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November 29
2022

ISSUE

Web Exclusive

WEIRD: THE AL YANKOVIC STORY GETS HEADY ABOUT DEEPFAKES

By TREVOR HOGG

Images courtesy of VFX Los Angeles

Daniel Radcliffe's face was inserted into the actual “Eat It” music video performance footage of Yankovic with a deepfake face replacement of Radcliffe onto the real body of Weird Al. VFX LA provided the effects.

Daniel Radcliffe’s face was inserted into the actual “Eat It” music video performance footage of Yankovic with a deepfake face replacement of Radcliffe onto the real body of Weird Al. VFX LA provided the effects.

Getting some serious visual effects work from VFX LA and Wolverine VFX is the irreverent biopic Weird: The Al Yankovic Story, directed by Eric Appel and starring Daniel Radcliffe as the real-life accordionist who became famous in the 1980s for his song parodies that include “Like a Surgeon,” “Eat It” and “My Bologna.” The team at VFX LA consisted of a trio of visual effects supervisors – Charles H. Joslain, Izzy Traub and Joseph Sperber – who were responsible of 45 shots, with most challenging being concert scenes where there was no actual stadium and doing a deepfake face replacement of Radcliffe onto the real body of Yankovic for another sequence.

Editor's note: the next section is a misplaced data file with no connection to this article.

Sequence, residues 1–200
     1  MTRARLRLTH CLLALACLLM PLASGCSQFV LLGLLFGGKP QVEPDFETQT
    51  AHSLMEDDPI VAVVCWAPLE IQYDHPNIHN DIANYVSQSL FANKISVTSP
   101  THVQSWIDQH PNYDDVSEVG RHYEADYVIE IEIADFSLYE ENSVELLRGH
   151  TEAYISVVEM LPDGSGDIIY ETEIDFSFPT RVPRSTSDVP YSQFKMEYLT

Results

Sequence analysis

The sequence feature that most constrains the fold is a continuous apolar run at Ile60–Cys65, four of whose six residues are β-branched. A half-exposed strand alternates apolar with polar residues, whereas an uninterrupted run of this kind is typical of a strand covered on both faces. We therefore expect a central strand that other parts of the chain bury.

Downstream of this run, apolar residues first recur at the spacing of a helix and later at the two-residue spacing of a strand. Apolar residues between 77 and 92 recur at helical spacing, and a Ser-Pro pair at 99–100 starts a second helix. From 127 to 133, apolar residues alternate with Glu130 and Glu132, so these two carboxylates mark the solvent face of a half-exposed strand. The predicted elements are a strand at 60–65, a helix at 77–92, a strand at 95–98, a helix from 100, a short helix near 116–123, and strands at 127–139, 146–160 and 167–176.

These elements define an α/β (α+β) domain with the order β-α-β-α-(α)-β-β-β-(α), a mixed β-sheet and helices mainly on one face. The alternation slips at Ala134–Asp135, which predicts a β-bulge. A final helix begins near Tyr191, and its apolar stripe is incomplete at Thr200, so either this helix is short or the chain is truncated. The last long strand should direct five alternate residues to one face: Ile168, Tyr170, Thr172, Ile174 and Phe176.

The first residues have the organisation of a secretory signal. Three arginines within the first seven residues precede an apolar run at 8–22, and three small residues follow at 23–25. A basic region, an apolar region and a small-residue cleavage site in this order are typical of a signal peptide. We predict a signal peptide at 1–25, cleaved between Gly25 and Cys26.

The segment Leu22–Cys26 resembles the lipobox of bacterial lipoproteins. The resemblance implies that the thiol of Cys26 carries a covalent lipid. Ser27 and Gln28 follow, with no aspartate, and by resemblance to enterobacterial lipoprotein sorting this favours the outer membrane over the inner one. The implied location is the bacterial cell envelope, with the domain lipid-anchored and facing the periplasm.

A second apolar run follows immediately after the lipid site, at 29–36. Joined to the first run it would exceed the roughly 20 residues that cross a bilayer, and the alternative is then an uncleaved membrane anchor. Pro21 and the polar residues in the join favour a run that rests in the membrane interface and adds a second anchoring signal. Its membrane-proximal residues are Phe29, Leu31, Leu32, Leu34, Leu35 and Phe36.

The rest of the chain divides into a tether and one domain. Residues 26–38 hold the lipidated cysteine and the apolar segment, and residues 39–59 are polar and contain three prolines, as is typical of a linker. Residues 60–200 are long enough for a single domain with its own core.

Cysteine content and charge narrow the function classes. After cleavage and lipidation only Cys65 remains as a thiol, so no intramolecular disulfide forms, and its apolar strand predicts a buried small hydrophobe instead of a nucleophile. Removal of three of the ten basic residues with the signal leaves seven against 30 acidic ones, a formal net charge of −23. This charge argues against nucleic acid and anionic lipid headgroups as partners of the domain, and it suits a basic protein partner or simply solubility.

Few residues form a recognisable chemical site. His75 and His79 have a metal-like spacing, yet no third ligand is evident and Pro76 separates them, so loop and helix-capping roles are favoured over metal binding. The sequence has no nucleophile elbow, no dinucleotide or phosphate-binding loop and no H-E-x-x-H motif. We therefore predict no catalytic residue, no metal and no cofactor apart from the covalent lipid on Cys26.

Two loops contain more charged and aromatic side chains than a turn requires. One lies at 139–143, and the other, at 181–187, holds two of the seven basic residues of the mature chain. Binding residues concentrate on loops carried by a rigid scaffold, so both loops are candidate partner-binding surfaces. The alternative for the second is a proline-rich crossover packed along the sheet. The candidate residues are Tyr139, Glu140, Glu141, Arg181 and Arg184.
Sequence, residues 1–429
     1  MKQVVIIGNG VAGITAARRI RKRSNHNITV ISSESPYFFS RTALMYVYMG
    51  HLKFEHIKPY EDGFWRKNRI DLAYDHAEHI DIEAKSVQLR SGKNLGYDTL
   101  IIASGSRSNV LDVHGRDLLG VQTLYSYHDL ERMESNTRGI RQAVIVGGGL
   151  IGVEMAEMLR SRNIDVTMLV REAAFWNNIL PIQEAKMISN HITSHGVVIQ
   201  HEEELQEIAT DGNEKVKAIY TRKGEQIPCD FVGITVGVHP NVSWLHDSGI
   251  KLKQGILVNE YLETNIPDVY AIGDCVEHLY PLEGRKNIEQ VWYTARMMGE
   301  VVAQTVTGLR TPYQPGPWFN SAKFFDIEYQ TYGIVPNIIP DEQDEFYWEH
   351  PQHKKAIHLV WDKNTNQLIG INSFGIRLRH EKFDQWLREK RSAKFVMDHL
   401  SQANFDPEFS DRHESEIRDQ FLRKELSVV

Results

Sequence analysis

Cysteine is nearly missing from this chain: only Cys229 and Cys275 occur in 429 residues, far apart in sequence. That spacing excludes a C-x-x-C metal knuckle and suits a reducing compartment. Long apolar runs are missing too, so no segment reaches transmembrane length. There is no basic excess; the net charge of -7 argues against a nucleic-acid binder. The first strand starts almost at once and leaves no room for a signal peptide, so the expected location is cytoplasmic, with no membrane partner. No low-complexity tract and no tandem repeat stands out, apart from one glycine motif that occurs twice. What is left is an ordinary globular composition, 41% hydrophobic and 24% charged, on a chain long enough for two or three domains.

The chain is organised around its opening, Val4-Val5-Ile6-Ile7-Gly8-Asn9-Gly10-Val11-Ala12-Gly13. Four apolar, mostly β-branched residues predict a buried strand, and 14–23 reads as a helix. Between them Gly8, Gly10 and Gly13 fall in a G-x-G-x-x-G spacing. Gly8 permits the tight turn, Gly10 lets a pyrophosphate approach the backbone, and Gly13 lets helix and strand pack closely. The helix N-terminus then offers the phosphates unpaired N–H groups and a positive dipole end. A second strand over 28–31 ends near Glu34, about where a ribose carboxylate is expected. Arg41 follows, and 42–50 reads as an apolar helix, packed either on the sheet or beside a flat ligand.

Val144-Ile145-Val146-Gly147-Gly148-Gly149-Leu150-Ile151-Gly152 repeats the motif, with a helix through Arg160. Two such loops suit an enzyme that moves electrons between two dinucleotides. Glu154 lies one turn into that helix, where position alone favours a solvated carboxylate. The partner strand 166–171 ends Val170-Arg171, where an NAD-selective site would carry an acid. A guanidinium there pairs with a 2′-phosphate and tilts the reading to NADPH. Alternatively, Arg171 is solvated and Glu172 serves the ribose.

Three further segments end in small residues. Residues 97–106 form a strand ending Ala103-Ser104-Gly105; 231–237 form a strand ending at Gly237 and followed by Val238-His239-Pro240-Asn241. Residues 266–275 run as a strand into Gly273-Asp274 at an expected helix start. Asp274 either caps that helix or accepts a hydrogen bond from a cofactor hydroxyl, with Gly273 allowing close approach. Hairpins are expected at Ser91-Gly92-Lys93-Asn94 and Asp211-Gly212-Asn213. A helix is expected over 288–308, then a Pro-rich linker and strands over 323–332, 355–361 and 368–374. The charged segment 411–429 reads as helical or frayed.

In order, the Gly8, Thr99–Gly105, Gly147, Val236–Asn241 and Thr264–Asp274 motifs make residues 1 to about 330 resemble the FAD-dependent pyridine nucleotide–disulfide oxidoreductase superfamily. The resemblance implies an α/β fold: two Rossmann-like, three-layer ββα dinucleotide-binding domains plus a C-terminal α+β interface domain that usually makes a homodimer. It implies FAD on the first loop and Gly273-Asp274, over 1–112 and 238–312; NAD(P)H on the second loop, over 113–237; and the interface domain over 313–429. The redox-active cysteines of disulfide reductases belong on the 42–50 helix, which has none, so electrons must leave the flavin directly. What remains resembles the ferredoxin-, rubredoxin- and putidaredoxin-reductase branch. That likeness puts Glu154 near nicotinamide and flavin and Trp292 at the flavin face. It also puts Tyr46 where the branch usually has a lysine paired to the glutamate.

Daniel Radcliffe stars as the real-life accordionist who became famous in the 1980s for his hit parodies “Like a Surgeon,” “Eat It” and “My Bologna.” Rainn Wilson, right, plays Dr. Demento.

Daniel Radcliffe stars as the real-life accordionist who became famous in the 1980s for his hit parodies “Like a Surgeon,” “Eat It” and “My Bologna.” Rainn Wilson, right, plays Dr. Demento.

Post-production lasted two months starting in June 2022, and the world premiere occurred in September 2022 as part of the 47th Toronto International Film Festival. “We had about 15 people on our team, and there were certain aspects that we thought were going to be easier and they weren’t,” Traub states. “We had to ask for a week extension, and they had built in some time contingencies into their own schedule so were able to give it to us.” Visual effects have become a more affordable tool for independent productions. “What can be done now could not been done five years ago,  especially when you take into account of having the majority of everything cloud-based. Since the pandemic, an entire [stretch of] time has gone offline, which in turn has enabled us to offer our services at a much better price than we normally could, simply because you’re not paying the overhead that goes along with having a big studio.”

“That was part of the comedy of [the ‘Eat It’ music video]. They wanted the face to be manipulated and for the body itself be straight-up Weird Al. We trained our model of Daniel [Radcliffe’s] face on the footage of Weird Al and rotoscoped, cleaned everything up, did a bunch of other compositing stuff to it, and added the glasses back in.”

—Izzy Traub, Visual Effects Supervisor

Pre-trained footage of the Daniel Radcliffe face.

Pre-trained footage of the Daniel Radcliffe face.

Radcliffe’s face inserted onto the original 16 celluloid footage with 3D glasses added afterwards.

Radcliffe’s face inserted onto the original 16 celluloid footage with 3D glasses added afterwards.

Radcliffe’s face inserted onto the original 16 celluloid footage with 3D glasses added afterwards.